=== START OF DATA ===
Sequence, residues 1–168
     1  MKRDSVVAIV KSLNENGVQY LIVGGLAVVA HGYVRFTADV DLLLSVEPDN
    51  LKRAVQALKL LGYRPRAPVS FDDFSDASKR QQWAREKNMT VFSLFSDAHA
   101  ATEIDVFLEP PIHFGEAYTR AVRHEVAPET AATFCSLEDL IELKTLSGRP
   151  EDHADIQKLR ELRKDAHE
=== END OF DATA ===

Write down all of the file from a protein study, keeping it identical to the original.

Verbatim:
Sequence, residues 1–168
     1  MKRDSVVAIV KSLNENGVQY LIVGGLAVVA HGYVRFTADV DLLLSVEPDN
    51  LKRAVQALKL LGYRPRAPVS FDDFSDASKR QQWAREKNMT VFSLFSDAHA
   101  ATEIDVFLEP PIHFGEAYTR AVRHEVAPET AATFCSLEDL IELKTLSGRP
   151  EDHADIQKLR ELRKDAHE